As the trend for casual clothing seems to be an apparent American identifier, the ways to express your individuality or alternate your sense of style are openly welcome. Wearing sweatpants one day and a pressed pair of pants the next, would not be considered strange. Some American workplaces may have strict dress codes, but the majority opt for business casual attire. Check your employee handbook for guidelines on what’s acceptable to wear or ask your co-workers for suggestions.
Sports is a pastime that brings many Americans together and can also be the cause of many spirited debates. Popular American sports include football, baseball, basketball, and hockey. Soccer, the American version of football, is beginning to gain many American fans but the following is much smaller than that of many other countries. Baseball was founded in America and often called “America’s favorite pastime,” but in recent years football has ranked number one in popularity.
Sports can be a great icebreaker when you are trying to make new American friends. Ask about favorite teams or details about the most recent game and feel free to share your favorite sports game from your native country. You’ll often find that many American sports are derived from other games across the world.
Language and Religion
According to the US government, there is no official language of the United States. However, at least 90 percent of the native-born US population speaks English. Dr. Wayne Wright, a professor of language and literacy at Purdue University, spoke to CNN about the lack of federal law at the time of the Constitution signing. “English was pretty much the dominant language of the United States at the time, so there really wasn’t a need to protect it. And they didn’t want to offend their fellow Americans who helped fight for independence.” Other frequently spoken languages in the US are Spanish, Chinese, French, and German.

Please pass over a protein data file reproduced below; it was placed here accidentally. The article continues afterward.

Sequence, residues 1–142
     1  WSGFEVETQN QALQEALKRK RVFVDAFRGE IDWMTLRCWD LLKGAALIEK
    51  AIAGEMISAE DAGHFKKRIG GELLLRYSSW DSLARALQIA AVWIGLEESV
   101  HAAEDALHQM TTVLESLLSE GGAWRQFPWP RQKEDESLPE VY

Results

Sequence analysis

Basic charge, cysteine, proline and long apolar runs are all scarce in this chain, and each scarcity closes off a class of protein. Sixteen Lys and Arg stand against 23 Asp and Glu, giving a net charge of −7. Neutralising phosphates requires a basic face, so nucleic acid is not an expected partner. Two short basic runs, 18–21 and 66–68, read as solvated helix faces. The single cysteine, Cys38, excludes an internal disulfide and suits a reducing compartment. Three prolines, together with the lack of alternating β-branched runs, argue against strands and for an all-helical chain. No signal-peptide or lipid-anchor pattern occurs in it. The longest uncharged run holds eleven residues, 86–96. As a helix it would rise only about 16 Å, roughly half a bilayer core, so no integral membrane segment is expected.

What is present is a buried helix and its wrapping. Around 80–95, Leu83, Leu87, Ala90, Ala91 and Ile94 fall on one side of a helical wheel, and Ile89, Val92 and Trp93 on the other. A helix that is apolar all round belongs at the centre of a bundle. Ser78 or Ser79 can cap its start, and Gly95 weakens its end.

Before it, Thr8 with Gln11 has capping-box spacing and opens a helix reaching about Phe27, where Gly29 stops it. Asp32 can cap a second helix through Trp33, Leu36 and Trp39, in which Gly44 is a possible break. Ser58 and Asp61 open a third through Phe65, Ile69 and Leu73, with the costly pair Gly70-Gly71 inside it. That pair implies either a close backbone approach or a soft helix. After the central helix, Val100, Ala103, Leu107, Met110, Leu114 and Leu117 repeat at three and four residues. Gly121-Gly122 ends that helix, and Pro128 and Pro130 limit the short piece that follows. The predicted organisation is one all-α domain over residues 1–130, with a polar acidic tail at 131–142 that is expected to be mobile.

When it comes to religion in the United States, it has been a long-held belief that early settlers came to America to escape religious persecution. The idea of religious freedom carries on through the Constitution, in which the First Amendment prevents the Federal government from making any “law respecting an establishment of religion, or prohibiting the free exercise thereof.” Americans exercise a wide variety of religious beliefs and value the general practice of respecting each other’s religious expressions.
Many American holiday traditions have roots in other countries, and how they are celebrated can vary from house to house. There are ten federal holidays as determined by Congress. Federal holidays are often referred to as public holidays because of their widespread observance throughout the country and at the state level.
Popular holidays include:
- New Year’s Day – January 1
- Martin Luther King, Jr. Day – Third Monday in January
- George Washington’s Birthday – Third Monday in February
- Memorial Day – Last Monday in May
- Independence Day – July 4
- Labor Day – First Monday in September
- Columbus Day – Second Monday in October
- Veterans Day – November 11
- Thanksgiving Day – 4th Thursday in November
- Christmas Day – December 25
Some holidays such as Thanksgiving, Christmas Day, Memorial Day, Labor Day, and Independence Day can mean a paid day off from work, but it is up to your employer’s discretion. There are no national holidays that require businesses to close. Other holidays are observed with festivals, food, and the sale of certain goods like Halloween and Valentine’s Day.